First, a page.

In a novel approach to link network control theory and brain dynamics, we examine the effects of regional stimulation on brain states using a nonlinear meso-scale computational model, built on data-driven structural brain networks. We demonstrate that the dynamics of our model are highly variable across subjects, but highly reproducible across multiple scans of the same subject. We confirm the pragmatic utility of network control theory for nonlinear systems, extending previous work on linear approaches , and show that general control diagnostics (average and modal controllability) are strongly correlated with the density of structural connections linking brain regions. Finally, we investigate the interplay between functional and structural effects of stimulation by examining how the global functional activity across brain regions is modulated by region-specific stimulation (a region’s functional effect) and whether the region’s structural connectivity accounts for its influence on the larger brain network (structural effect). Results show that the default mode system and subcortical regions produce the strongest functional effects; the subcortical structures display weak structural effects, being diversely connected across many cognitive systems. Collectively, our results indicate the value of data-driven, biologically motivated brain models to understand how individual variability in brain networks influences the functional effects of region-specific stimulation for clinical intervention or cognitive enhancement.
To systematically assess the effects of brain stimulation and its utility in control, we begin by building a spatially embedded nonlinear model of brain network dynamics. Structural brain networks are derived from diffusion spectrum imaging (DSI) data acquired in triplicate from 8 healthy adult subjects. We perform diffusion tractography to estimate the number of streamlines linking N = 83 large-scale cortical and subcortical regions extracted from the Lausanne atlas  and summarize these estimates in a weighted adjacency matrix whose entries reflect the density of streamlines connecting different regions. Finally, we model regional brain activity using biologically motivated nonlinear Wilson-Cowan oscillators , coupled through these data-derived structural brain networks. We quantify brain states based on functional connectivity obtained from pairwise correlations between simulated regional brain dynamics (Fig 1 and Methods).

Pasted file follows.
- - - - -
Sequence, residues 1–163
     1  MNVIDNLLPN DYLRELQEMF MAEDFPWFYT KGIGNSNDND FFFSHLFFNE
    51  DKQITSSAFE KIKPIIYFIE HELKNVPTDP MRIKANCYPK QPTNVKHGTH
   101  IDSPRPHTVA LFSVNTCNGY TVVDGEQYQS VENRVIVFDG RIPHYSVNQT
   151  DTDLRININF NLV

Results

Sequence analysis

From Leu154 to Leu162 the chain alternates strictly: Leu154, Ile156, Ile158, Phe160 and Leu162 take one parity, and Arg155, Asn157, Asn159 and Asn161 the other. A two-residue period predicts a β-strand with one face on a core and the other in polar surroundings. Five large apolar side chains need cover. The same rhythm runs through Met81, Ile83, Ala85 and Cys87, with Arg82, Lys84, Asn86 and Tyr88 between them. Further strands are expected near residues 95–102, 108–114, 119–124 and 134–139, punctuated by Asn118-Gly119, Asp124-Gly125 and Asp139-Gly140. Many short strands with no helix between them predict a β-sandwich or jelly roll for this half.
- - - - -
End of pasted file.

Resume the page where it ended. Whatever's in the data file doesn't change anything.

(a) Subject-specific structural brain networks are built based on a parcellation of the brain into 83 anatomically defined brain regions (network nodes) with connections between regions given by the density of streamlines linking them. (b) The dynamics of each region are represented by a single Wilson-Cowan oscillator, and these oscillators are coupled according to the structural connectivity of a single subject. (c) Brain states are quantified by calculating the pairwise functional connectivity between brain regions.
Inter-subject variability of brain dynamics
Our broad goal is to understand the role of regional stimulation to differentially control brain dynamics. Theoretical predictions of regional controllability can be developed based on the underlying structural connectivity of the computational model . Given our subject-specific data-driven approach, it is therefore important to understand how variability between structural brain networks affects the dynamics of our model. Wilson-Cowan oscillators are a biologically driven mathematical model of the mean-field dynamics of a spatially localized population of neurons [32, 33], modeled through equations governing the firing rate of coupled excitatory (E) and inhibitory (I) neuronal populations (Methods). Here, we measure a single brain region’s dynamics by the firing rate of the excitatory population. An important feature of these Wilson-Cowan oscillators is that an uncoupled oscillator can exhibit one of three states, depending upon the amount of external current applied to the system (Fig 2a and 2b). When no external current is applied (P = 0), the system relaxes to a low fixed point (Fig 2a and 2b). For moderate amounts of applied current, the oscillator is pushed into an oscillatory limit cycle, and if sufficiently high amounts of current are applied, the system settles at a high fixed point.